The Jason Bartlett Experiment ended last week with its inevitable failure; the former shortstop aborted his rehab assignment in Fort Myers and retired.
The idea that Bartlett would be a ideal bench component was always illogical. That Ron Gardenhire and Co. were apparently legitimately disappointed that the notion has to be abandoned may illustrate a significant blind spot in the organization.
To be sure, Bartlett’s brief presence on the major league roster probably didn’t cost the Twins any games. They won the one contest in which he had extended playing time (and in which the flow of the game kept finding him, consistently to the Twins’ detriment).
Dave St. Peter, the Twins president, dismissed on Twitter the vocal dismay when Bartlett was named to the Opening Day roster. Why, he wondered, so much displeasure over the 25th man on the roster?
Because of what it said about the organization’s evaluation skills. Set aside Bartlett’s dismal spring training stats. Bartlett is 34, hadn’t played on any level since April 2012, had played one major league game at a position other than shortstop, and, with the singular and fluky exception of 2009, had always been a below-average hitter.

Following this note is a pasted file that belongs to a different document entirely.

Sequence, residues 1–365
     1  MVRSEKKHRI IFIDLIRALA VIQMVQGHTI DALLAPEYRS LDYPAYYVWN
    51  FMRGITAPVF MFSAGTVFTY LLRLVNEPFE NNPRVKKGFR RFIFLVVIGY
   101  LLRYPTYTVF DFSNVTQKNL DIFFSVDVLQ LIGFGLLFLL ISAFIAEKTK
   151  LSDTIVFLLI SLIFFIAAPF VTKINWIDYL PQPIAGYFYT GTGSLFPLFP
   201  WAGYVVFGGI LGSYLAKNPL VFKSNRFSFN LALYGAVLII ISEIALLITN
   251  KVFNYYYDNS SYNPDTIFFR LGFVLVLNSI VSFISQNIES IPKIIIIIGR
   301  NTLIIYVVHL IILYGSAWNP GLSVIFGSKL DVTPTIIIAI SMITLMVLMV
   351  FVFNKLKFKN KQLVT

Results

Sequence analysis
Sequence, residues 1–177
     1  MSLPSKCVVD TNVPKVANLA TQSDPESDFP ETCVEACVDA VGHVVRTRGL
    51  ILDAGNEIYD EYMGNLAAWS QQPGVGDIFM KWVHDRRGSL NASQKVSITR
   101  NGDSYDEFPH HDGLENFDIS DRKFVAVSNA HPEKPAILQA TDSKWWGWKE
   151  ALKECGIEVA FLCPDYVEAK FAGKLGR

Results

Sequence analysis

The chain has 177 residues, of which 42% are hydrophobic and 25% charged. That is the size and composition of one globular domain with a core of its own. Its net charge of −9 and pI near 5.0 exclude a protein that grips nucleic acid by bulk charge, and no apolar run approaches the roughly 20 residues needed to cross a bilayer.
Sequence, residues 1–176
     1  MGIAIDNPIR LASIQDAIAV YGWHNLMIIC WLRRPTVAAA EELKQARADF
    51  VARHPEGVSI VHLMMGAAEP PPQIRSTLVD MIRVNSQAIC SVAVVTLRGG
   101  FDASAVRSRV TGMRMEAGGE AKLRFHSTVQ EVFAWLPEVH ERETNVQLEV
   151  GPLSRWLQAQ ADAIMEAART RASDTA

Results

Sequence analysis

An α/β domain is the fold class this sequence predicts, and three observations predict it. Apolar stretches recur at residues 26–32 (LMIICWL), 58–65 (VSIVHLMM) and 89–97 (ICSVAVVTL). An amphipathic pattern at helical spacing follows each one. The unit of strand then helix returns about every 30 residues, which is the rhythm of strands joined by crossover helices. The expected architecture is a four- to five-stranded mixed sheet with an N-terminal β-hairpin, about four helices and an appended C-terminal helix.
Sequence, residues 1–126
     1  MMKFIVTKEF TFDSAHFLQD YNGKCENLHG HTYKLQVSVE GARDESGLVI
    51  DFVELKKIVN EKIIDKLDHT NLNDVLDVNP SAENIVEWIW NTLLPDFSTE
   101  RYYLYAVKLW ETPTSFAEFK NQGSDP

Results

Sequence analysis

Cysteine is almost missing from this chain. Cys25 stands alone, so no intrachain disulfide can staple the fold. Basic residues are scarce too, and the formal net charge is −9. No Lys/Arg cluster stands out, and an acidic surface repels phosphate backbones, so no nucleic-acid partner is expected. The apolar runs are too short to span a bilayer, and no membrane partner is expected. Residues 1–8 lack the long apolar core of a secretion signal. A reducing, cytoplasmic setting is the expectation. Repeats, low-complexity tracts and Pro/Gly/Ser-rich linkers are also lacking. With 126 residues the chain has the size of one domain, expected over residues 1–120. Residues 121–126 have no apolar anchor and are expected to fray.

And this is the skill set that Gardenhire saw as comparable to the Tampa Bay Rays’ set of Swiss utility knife players. Seriously?
Gardenhire, understandably, would like what Joe Maddon has with the Rays — a collection of multi-position players who field well enough to play in the middle of the diamond without killing the pitchers and who hit well enough to fill a corner position, at least in a part-time role.
There’s been a long line of “superutility players” over the years. Cesar Tovar was one such for the Twins in the 1960s — Tovar was almost always in the lineup, but seldom at the same position for many games in a row. Tony Phillips was a standout in the 1990s in a similar role for several teams. Ben Zobrist of the Rays has made two All-Star teams.